#17
    Oh ok, whewww! So basically the only reason to get a Firewire version was if you lost ur reboot cd, then u could just reboot from the external drive. But if u have the cd, and have the external drive, it doesn't matter if u have usb or firewire, correct? Because I don't plan on losing my reinstall cd or anything.


    btw, apple told me to do a clean uninstall and install again. AFter i perform this, what do i do next to get my backup up and running?
     
  17. wattage macrumors 6502

    wattage

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    Oct 14, 2005
    #18
    Migration Assistant is found under Applications>Utilities.

    Or you can drag and drop.
     
  18. neocell macrumors 65816

    neocell

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    #19
    Just use SuperDuper to clone your backup copy from the external drive back to your computer's HD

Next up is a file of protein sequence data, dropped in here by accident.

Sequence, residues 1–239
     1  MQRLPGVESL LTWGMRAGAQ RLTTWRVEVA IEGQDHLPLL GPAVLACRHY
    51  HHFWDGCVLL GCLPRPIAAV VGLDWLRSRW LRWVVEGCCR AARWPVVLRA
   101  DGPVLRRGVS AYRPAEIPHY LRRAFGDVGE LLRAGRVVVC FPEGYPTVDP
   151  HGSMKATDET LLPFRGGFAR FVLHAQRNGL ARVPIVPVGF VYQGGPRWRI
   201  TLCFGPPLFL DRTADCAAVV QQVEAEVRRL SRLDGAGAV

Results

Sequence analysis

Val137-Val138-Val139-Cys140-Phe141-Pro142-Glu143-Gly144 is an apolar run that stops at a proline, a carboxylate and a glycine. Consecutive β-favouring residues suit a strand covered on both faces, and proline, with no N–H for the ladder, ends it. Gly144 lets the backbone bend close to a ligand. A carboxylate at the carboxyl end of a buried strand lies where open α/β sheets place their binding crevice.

19. danny_w macrumors 601

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    Mar 8, 2005
    Location:
    Austin, TX
    #20
    I personally think that a firewire external drive is worth it, because you never know what need you will have in the future. I'll give an example:

    I bought my son an iMac (250GB) and a firewire external hdd (300GB) to take to college with him. I partitioned the external hdd into a 250GB partition for cloning and a 50GB partition as a Photoshop scratch disk. When he came home for winter break, he synced his external hdd and brought it with him. While he was here he could run off the external hdd using a Mac at home, and still get his work done (he does a web comic and had some school work to do). When he got back to college he simply synced back the other way, and he was back in business. The work that he did at home would not have been possible with a USB drive, plus the firewire drive is much faster in real life (less cpu overhead).